Filling The Dad-Sized Hole In Your Life

This Man I Call Dad

It was just the three of us for as long as I can remember. The memories I have of a loving caring father are pieced together only from what my aunt has told me. Devoted in the first year of my twin sister and my life, the only year of my life that my parents were married, my Dad would hold us, feed us and play with us. But these fabricated memories are like pictures of me looking on at a man holding babies in his giant loving arms. But I have never felt that.

There have been many conversations over the past few years. My aunt and I have discussed my Dad’s lack of interest or action with no sense of peace at the end. He is a mystery to us.

I am a 27 year-old woman. I am married, have a master’s degree and I have gotten myself through college. For the childhood that I had, I am fairly well-adjusted and compared to most, I have taken care of myself for a long time. When I think about my accomplishments and where I came from, I feel a sense of pride and strength. I am not saying this to brag. I am really not. I am saying this to show the contrast of how I feel about this stranger. This man I call Dad. In his presence I am 8 years old again. I feel nervous and scared. I do not know how to act or what to say. My heart beats quickly and I fake feeling at ease. I have gotten good at that.

The Day Dad Left…Again

Dad or simply father?

I had to. My father remarried soon after my parents’ divorce. I cannot remember much about their divorce, but I do remember speaking to a friend of mine who was going through a similar experience at the time. When her parents got divorced it seemed so straightforward. Her parents had used a team of Los Angeles prenup attorneys to draw up a prenuptial agreement before they got married and so their actual divorce was able to take place really quickly. My friend got on really well with both her parents and despite the fact that they were divorced, they still got on and apparently their prenuptial agreement saved a lot of arguments.

As for my step mom I had thought she was a nice woman, but apparently she was different behind closed doors. My Dad had gotten partial custody and got to see us every other weekend. But even from the beginning of that arrangement I could feel his disinterest. When we went there, my Dad would put us in front of the TV or have us sit quietly and play with a toy. Instead of a bedroom, my sister and I would bring sleeping bags and sleep on his living room floor. I am not sure when the yelling and verbal abuse started but even now, all I feel when I think about those times is fear.

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We were lectured about how badly we made him feel when we did not come to visit. He would tell us bad things about our mother and by the end of each stay we would feel knots in our stomachs. We were always in trouble but we never knew why. The visits became less frequent and then when I was 7 years-old, Dad moved to Florida with my stepmother and step brothers.

I still remember the day he left. The only way we knew was my mother called his landline and got a disconnected tone. She was thrilled, I thought I was too. We celebrated with an ice cream cone from Dairy Queen. As we drove through the dark summer night licking our cones, I remember feeling relieved but also recognized that it probably was not how one should feel when their father left.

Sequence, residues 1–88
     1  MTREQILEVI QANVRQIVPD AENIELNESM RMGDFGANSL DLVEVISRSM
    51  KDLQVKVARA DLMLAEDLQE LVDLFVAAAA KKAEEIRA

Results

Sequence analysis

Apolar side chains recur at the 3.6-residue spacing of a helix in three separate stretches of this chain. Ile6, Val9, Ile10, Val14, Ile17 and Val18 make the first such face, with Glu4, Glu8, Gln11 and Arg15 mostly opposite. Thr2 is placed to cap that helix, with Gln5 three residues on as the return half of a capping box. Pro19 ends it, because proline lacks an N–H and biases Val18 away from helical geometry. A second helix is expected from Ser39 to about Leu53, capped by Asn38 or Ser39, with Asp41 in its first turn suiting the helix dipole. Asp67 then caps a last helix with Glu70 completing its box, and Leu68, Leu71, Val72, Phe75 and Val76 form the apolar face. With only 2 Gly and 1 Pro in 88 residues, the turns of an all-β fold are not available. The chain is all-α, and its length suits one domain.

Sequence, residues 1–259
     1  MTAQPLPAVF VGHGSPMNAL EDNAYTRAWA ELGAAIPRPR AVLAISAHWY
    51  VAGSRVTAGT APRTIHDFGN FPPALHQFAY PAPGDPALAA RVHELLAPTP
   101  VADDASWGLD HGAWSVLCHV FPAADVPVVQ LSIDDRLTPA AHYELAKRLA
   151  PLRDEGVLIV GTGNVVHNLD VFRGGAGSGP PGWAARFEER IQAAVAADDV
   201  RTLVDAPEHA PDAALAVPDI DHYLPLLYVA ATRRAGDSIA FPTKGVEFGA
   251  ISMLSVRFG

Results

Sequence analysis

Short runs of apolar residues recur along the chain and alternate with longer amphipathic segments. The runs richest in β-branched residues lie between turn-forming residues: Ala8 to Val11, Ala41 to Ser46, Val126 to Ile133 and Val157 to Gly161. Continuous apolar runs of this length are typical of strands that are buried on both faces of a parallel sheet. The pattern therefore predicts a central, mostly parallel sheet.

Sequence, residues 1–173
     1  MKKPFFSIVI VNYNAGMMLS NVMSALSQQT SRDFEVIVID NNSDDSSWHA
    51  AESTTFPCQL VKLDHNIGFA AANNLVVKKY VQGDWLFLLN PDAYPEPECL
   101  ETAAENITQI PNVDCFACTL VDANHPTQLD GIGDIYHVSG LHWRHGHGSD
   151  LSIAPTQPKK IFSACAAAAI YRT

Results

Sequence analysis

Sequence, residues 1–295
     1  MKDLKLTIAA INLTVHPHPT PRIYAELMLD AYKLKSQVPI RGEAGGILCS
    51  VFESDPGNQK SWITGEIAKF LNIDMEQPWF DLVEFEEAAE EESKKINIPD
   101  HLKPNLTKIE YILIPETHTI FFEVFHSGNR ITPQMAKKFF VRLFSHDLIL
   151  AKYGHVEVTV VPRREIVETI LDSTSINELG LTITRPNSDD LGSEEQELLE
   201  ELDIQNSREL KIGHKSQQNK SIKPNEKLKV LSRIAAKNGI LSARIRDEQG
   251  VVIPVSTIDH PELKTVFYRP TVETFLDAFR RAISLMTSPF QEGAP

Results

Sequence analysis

Virtually Uninterested Parent

Cold Calls

From then on we got cards on our birthdays, sometimes. We would talk on the phone only if we were with our grandmother or aunt and they passed us the phone. I still remember the dread of waiting for my turn. He was thousands of miles away but something about our relationship made me feel wrong. Relief would hit when I hung up.

As I got older, the wave of panic I felt when having to talk to Dad changed from a child’s fear of a scary man to the fear of talking to someone who had no interest. At the time I did not know why I felt what I did. It is only looking back that I see how reaffirming the rejection was each time I talked on the phone. Correcting my age, or the grade I was in, or even what day my birthday was. By that time I had learned the concept of father but knew that mine was completely different. I felt uninteresting and unlovable.

At Christmas parties, my sister and I would watch the phone pass from one person to another. Each one having a long chat with our dad. He was interested in them. Shame washed over me as I pretended to enjoy talking to my Dad. As I pretended to miss him. I prayed that no one would see through the hollowness. That no one would see how little he cared. I was terrified that if they saw how uninterested he was in me, that they would instantly find me uninteresting and unlovable too.

Can I Fill The Dad Hole?

I wish I could say that as I grew older, I was able to accept it and let go. That I could understand that it was him and not me. But I did not and still struggle with it now. I remember times through my childhood when my sister and I would lay on the living room floor staring at the ceiling. We felt empty.

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We thought about him probably much more than he has ever thought about us. We longed for him to change his mind and come back to form a relationship with us. But even now, after he moved back to my home town, he does not call. I only see him when my aunt invites him to meet with us.

My aunt and I have speculated reasons, perhaps some psychological issues that may be the source of his apathy or unwillingness to try. I would not say that I know what is causing it. Perhaps he truly can not engage. But I have come to find that regardless of the reason, valid or not, he left me empty and all I can do is accept the hole.